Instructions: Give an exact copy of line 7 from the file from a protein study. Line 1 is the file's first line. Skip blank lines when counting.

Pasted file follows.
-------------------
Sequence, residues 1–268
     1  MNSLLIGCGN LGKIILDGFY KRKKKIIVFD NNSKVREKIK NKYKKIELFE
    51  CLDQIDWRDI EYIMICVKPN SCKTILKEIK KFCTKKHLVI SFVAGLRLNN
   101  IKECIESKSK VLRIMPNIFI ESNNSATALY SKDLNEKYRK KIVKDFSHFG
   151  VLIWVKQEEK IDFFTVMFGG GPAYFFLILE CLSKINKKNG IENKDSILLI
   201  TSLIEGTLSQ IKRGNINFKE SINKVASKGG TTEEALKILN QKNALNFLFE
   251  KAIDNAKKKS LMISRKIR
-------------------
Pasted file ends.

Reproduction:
   251  KAIDNAKKKS LMISRKIR